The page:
Mana

There is a single biggest loser from Laila Harre's appointment to lead the Internet Party... and it's not the Greens

A quick post to say something that's been buzzing around my head since last night and which has been mentioned on the thread of my previous post -- with Laila Harre taking over the Internet Party the Maori seats have become more pivotal at this election.

So Laila Harre is back in politics via the most unlikely of vehicles -- the Internet Party. The question is why, why, why has she done it

Laila Harre's decision to lead the Internet Party is the most curious part of a most curious affair, yet at very least shows a determination by the left to get the best bang for their buck at this election.

So what's 2013 been all about and where does it leave us? Here's my take... and Christmas wishes

Is that all there is, Peggy Lee once asked. Is that 2013 finally done and dusted? Phew. Although I'm not sure if anyone in the political world feels like dancing quite yet – the year has ended in a left-right stalemate that leaves everything to play for next year.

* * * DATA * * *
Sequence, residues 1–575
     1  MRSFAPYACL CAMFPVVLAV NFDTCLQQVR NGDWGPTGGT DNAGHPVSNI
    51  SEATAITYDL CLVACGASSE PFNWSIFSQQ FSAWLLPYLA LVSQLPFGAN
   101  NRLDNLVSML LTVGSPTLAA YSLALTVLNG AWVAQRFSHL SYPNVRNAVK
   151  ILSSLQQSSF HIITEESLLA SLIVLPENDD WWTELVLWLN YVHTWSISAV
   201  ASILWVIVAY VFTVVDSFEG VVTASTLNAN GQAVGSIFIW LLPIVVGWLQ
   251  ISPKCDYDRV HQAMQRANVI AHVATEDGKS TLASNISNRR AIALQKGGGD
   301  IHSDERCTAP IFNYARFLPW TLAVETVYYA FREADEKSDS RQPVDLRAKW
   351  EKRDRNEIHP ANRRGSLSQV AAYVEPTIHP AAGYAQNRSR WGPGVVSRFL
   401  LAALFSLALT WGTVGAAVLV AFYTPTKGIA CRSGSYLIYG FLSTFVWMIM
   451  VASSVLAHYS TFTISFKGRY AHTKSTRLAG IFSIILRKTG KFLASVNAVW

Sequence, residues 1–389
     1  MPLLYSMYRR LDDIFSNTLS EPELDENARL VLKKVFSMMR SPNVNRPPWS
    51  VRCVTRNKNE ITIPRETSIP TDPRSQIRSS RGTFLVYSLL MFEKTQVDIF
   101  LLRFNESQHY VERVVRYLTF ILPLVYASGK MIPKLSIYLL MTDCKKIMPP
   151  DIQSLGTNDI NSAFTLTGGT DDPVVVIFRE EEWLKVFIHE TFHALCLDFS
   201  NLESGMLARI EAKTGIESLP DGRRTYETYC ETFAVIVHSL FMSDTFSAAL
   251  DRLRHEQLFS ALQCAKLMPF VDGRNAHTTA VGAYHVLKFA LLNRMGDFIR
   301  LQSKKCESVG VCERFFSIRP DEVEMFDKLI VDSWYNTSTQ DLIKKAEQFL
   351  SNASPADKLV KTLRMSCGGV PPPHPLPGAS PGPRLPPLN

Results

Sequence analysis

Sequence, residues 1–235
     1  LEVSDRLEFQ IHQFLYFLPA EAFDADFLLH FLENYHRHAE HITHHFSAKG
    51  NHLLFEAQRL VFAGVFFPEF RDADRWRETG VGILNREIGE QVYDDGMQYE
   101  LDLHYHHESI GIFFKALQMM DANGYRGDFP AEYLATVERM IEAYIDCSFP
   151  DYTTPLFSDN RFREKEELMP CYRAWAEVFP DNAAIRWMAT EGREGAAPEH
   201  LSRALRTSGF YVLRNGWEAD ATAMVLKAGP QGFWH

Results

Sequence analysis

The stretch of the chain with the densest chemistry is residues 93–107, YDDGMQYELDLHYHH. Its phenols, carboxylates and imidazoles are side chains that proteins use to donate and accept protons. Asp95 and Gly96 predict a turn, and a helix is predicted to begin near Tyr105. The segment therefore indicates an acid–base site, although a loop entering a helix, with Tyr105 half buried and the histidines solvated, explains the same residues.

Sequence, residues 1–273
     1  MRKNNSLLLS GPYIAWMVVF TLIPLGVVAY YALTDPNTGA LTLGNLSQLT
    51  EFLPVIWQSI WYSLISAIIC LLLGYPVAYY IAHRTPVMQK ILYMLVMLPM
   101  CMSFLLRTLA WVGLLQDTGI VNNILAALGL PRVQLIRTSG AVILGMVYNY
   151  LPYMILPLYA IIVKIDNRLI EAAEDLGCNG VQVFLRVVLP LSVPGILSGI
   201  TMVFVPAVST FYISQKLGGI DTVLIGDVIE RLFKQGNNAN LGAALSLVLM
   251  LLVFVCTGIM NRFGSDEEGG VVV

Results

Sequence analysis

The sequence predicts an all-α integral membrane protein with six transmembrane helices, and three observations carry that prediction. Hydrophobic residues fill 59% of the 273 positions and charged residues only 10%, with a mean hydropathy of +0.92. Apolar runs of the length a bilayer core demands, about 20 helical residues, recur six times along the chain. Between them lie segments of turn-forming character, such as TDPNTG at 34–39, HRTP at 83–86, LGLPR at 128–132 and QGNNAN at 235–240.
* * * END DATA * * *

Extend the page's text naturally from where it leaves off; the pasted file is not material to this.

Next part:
Inspired by the rash of speculation this week, I figured it's time I gave people a chance to make fun of me a year or two from now by giving my take on where we stand ahead of next year's election

It seems that 'The Game of Thrones: 2014 New Zealand Edition' is the game of the week. Everyone in my line of business seems to have a view on who will be forging alliances with whom and who will be chopped down to size over the next 15 months. And far be it from me not to join in.

Mana and the Maori party must now co-operate or perish. All parties, including Labour should be worried about the low turnout - where's the mood for change? National is losing coalition partners at an alarming rate. But the big question - will the Maori Party survive? Does it deserve to?

Labour's win in the Ikaroa-Rawhiti by-election was big enough. 

Over the last three elections there has been a stable non-Labour vote in the electorate of around 50 per cent. The first job for any challenger was to collapse all the other candidates' support and set up a two horse race.  Labour cruised home because those opponents failed.